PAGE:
Immersive Storytelling Engines: A Case Study

carbines and skull revised

I read once that part of Hemingway’s genius was how tightly he could pack meaning into a small amount of words. Supposedly he came by that honestly from a background in journalism. Cool. I binged on Hemingway in college and read essentially everything he ever wrote. He’s worth your time if you haven’t made that happen, maybe start with the Nick Adams stories or Old Man And The Sea. 

I’ve written about haiku here before, particularly as a mechanism for tightly packing stories into powerful little wads of meaning, like exercises for fiction writers.

It strikes me that there is a lot of wisdom in packing hints of hidden worlds and  imaginative triggers into small packages to send readers off into flights of fancy. In my day job, we spend a lot of time making people in manufacturing plants think improvements are their ideas so they’ll own them and drive changes. Doesn’t the same thing apply in speculative fiction? I mean, the whole gig here is to get inside someone’s head and try and leave a trace you were there.

So something fantastic happened this week, along these lines.

If you’re tracking us lately, we’re developing a terrain-based card game based on some of the concepts and technology in Tearing Down The Statues. A core concept for me at least is that every card, every character, has a backstory hidden in the art or the card text that paints nuances into the worldbuilding. The mechanics of the game are intended to be an engine for immersive storytelling through expansions, brought to life by the players.

box cover-texturized

Over the weekend, I had a quick flash image pop into my head of a little sand timer placed on the tabletop when a certain card was played. I liked it – in my mind, it seemed both players were suddenly rushing through their turns for some reason. No idea what the timer was for, or why one guy playing some card triggered it. So the week went on, with a vague idea. I had a few cancellations, so some time at home to poke around with this.

I’ve been learning how to better use Daz Studios and Blender; and I’m okay with Photoshop. I figured out how to add realistic tattoos onto figures early this week; and that’s great because tattooing played a big part in the book. It seemed to me a custom tattoo would be very cool – portraying one of the most distinctive pieces of technology we have in our intellectual property: the ball lightning carbine.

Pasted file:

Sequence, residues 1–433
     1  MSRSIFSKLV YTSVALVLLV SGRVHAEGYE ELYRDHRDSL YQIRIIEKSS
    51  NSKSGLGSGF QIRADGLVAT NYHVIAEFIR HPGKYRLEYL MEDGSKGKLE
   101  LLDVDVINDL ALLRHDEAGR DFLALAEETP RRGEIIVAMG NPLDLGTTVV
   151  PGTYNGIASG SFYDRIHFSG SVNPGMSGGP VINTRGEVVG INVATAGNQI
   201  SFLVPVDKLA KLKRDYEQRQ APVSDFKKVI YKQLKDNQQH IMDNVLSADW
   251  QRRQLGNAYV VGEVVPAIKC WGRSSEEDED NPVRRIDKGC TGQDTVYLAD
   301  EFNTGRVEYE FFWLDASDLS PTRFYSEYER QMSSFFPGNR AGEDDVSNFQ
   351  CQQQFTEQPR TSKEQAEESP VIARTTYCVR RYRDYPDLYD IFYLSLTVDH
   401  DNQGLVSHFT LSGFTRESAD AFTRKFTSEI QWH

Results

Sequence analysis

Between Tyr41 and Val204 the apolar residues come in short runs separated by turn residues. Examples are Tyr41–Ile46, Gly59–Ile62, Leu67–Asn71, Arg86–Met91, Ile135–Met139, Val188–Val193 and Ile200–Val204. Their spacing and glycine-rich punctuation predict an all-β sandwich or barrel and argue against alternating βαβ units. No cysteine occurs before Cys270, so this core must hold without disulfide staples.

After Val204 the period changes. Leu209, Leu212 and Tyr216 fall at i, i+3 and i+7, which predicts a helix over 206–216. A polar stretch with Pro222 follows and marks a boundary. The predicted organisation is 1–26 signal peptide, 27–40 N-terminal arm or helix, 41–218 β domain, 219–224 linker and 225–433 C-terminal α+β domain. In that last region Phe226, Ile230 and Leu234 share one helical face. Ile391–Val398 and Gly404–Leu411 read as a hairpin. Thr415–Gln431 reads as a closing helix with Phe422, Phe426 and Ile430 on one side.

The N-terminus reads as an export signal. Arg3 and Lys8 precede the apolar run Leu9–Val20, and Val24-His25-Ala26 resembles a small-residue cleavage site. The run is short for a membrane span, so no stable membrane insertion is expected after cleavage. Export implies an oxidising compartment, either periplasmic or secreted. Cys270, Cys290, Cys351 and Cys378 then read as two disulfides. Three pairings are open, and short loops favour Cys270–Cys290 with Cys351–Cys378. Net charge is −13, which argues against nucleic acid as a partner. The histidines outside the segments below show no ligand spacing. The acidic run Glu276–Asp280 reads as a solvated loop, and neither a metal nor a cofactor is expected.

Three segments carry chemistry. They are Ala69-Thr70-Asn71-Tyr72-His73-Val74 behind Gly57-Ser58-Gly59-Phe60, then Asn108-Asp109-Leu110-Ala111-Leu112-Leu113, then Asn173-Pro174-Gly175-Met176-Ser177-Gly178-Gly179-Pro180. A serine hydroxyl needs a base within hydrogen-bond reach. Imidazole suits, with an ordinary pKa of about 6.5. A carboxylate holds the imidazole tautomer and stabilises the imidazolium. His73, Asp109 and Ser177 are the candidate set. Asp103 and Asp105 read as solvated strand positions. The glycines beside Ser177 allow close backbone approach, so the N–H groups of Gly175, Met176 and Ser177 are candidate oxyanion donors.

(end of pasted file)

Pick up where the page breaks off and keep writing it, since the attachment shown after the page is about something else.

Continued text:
ball lightning carbines

So that’s where the dealie-o at the header of this article came from. The skull was from Turbosquid, rendered in Blender and made into an ink drawing in Photoshop with a filter. Still needs work, but it’s shaping up. Anyway, so I had the tattoo. Was just spitballing some tough-guy characters with tattoos when another thought sprouted:

Both players have a card that can trigger that timer, right? So what if the two cards represented brothers? What if they’re absolute terrors on the battlefield when solo, not even needing attack rolls. Then when both brothers are on the field at the same time, they go after each other…that was a real spark for me.  The game mechanic seemed solid; and the characters looked the part of people who would want to slaughter each other. That’s uhhh..what I was going for. But I was still missing the boat.

Sometimes, going for a run clears things up for me. I can set a creative problem or story block in my mind and come back in an hour or so with a solution. In this case, the problem was easy – why are these brothers trying to kill each other? The game manifesto says everybody has a backstory…everything happening is for a reason. There has to be a purpose behind all the battles the game represents. What was their deal?

Then it connected.

salt mystic

Two thousand years ago, the Salt Mystic herself hid cunningly engineered myths in their very stories capable of practically possessing the right person in the right time. Like tripwires, triggered when we make enough of a mess of things that we need a guardian. Millions will follow them, and they’re endowed with almost supernatural leadership and insight. 

The brothers wanted that. I imagined an old hag, years ago when they were very young, sheltering in their parents’ house from the rain. She spoke something terrible to them that shot poison into the family and ripped it apart. And it eventually led to the two of them haunting battlefields, searching for each other to burn his sibling down and take the prize.

She told them one of them would arise as guardian. Only one.

Anyway, here’s how the cards turned out:


Make sure you keep an eye on us as this thing develops. Any feedback is appreciated!

See you next time.

Dreams are engines. Be fuel.